Jim Letten

From Wikipedia, the free encyclopedia
Jump to: navigation, search
James B. Letten
Jim Letten US Attorney.jpg
United States Attorney for the Eastern District of Louisiana
In office
April 30, 2001 – December 11, 2012 (resigned)
Appointed by George W. Bush (retained in office by Barack Obama)
Preceded by Eddie J. Jordan Jr.
Succeeded by Kenneth Polite
Personal details
Born September 12, 1953
New Orleans, Louisiana
Alma mater University of New Orleans
B.A., 1976
Tulane University Law School
J.D., 1979

James B. "Jim" Letten (born September 12, 1953) is an American attorney. A career prosecutor, Letten served as U.S. Attorney for the Eastern District of Louisiana for more than eleven years.[1] By the time Letten resigned as U.S. Attorney in December 2012, he was the longest-serving U.S. Attorney in the country.

After stepping down, Letten joined Tulane University Law School as an assistant dean. Letten later became of counsel with the firm of Butler Snow, while retaining his post at Tulane.

Early life and education[edit]

Letten was born at Southern Baptist Hospital in New Orleans on September 12, 1953.[2] He is the only son of Alden and Dorothy "Dot" Letten; his father was a steel fabricator.[2]

Letten graduated from De La Salle High School in 1971.[2] He received his B.A. from the University of New Orleans in 1976 and his J.D. from the Tulane University Law School in 1979.[2][3]

Legal career[edit]

Letten worked for Orleans Parish District Attorney Harry Connick Sr. for four years.[2] In 1982, Letten became a federal prosecutor, beginning on an organized crime strike force.[2] He was part of the team that prosecuted several leaders of the New Orleans mafia and figures from the New York crime families.[2]

From 1994 to 2001, Letten was first assistant U.S. attorney under then-U.S. Attorney Eddie Jordan Jr. (who later became Orleans Parish district attorney).[2] In that position Letten was best known as the lead prosecutor in the racketeering trial of former Louisiana Governor Edwin Edwards.[2][4] Letten also prosecuted former state representative David Duke.[5]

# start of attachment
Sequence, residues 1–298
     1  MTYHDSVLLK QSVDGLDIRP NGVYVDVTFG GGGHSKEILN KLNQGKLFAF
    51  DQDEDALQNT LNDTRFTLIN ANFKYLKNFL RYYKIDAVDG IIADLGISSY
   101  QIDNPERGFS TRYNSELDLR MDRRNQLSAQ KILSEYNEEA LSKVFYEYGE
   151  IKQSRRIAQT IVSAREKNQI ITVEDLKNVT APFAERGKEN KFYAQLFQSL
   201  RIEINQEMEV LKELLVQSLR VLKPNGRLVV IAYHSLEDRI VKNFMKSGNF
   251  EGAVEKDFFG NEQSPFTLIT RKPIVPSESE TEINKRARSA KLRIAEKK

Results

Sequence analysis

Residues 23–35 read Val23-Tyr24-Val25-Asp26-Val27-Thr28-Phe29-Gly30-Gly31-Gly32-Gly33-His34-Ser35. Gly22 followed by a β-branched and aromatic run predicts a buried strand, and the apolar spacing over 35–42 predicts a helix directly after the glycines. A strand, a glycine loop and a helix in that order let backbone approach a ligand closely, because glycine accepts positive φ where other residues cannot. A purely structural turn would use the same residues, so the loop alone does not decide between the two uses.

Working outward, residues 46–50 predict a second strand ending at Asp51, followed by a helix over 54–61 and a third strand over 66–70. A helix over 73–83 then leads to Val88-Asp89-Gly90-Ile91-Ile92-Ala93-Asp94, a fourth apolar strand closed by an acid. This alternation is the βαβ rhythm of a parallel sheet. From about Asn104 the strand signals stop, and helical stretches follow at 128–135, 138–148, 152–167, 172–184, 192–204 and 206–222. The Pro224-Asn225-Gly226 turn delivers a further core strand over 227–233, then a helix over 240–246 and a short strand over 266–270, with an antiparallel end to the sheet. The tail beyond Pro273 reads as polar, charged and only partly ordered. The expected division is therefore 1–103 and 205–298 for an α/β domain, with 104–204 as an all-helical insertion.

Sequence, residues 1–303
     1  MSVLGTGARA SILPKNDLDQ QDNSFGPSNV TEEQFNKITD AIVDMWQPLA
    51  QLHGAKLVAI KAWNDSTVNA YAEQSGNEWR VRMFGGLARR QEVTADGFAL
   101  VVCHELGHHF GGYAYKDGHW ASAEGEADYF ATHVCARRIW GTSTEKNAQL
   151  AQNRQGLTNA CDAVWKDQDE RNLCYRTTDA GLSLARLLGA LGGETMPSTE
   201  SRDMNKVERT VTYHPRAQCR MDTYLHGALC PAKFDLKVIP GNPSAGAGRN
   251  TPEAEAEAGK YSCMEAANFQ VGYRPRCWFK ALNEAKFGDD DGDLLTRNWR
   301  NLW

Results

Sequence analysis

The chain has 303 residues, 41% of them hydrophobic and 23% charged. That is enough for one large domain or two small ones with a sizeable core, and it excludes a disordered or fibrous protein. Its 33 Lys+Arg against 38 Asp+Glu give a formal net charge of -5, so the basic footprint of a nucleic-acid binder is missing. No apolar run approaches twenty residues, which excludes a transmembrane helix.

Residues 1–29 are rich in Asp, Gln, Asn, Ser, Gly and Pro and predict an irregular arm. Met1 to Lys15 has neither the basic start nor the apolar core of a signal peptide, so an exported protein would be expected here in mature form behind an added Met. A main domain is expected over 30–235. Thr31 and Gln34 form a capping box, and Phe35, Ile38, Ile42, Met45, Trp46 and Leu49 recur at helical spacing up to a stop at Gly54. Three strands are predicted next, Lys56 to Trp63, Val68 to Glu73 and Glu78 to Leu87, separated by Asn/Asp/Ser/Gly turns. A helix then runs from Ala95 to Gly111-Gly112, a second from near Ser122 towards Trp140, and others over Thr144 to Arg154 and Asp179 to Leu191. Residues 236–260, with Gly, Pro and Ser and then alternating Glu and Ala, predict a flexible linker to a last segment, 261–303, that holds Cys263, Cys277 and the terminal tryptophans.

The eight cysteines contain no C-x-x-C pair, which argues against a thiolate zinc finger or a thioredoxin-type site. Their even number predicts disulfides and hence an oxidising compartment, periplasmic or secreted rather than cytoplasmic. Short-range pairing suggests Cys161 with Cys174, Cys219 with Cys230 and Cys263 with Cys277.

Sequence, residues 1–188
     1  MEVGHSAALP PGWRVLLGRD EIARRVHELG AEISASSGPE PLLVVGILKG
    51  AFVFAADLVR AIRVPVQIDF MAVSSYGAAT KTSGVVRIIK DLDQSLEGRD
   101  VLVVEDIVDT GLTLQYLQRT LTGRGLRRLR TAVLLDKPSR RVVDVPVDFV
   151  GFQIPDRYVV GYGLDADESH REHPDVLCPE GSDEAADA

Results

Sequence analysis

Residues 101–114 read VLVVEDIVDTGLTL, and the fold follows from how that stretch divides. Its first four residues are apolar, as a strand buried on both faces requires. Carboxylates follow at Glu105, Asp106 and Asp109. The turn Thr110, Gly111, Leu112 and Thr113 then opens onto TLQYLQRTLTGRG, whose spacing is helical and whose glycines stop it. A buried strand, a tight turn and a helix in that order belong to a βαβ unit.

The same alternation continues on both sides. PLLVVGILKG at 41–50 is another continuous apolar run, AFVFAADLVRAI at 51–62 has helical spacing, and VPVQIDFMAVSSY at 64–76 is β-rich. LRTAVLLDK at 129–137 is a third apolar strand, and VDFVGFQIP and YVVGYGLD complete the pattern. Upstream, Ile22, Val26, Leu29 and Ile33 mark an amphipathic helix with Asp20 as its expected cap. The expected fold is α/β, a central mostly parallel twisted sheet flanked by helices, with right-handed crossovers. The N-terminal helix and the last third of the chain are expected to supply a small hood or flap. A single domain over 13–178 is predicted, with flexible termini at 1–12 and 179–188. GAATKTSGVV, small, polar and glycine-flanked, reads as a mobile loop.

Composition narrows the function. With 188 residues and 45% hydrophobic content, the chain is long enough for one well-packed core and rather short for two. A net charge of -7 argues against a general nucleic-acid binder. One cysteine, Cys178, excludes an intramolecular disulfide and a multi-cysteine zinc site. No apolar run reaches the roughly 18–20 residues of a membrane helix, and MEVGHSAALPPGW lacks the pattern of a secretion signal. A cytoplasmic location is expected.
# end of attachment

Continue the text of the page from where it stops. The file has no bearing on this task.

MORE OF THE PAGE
Tenure as U.S. Attorney[edit]

Letten is a Republican, having been appointed to the U.S. Attorney's position by President George W. Bush. Nonetheless, when Republicans lost the Presidency to Democrat Barack Obama in 2008, many Democrats, including U.S. Senator Mary Landrieu, took the unusual step of urging the new President to reappoint Letten.[6]

As U.S. Attorney, Letten became known for his "successful prosecutions of public officials," ranging from corrupt elected officials to corrupt judges, police officers, and school officials.[7] The New York Times described him as "a popular crusader against the crooked traditions of Louisiana public servants."[4]

The Times-Picayune listed the following as the notable public corruption cases in which the U.S. Attorney's Office achieved convictions under Letten's leadership: "ex-Jefferson Parish Judges Ronald Bodenheimer and Alan Green; former Orleans Parish School Board President Ellenese Brooks-Simms; ex-state Sen. Derrick Shepherd; former St. Tammany Parish Councilman Joe Impastato; a whole bunch of folks who worked for or did business with the Orleans Parish School Board; several high-profile associates of ex-Mayor Marc Morial; and ex-New Orleans City Councilman Oliver Thomas, who had been pegged as a front-runner in the 2010 mayor's race."[8] These successes gained Letten bipartisan support, including from both Louisiana's U.S. Senators, Democrat Landrieu and Republican David Vitter.[8]

In September 2009, the Times-Picayune praised Letten and the FBI for "bringing to justice" Bill Hubbard, who resigned as Saint John Parish president after receiving bribes of $20,000 from contractors.[9]

After being retained in office by President Obama, Letten pursued a number of federal civil rights investigations into the New Orleans Police Department, a priority of the Obama administration's Department of Justice.[4]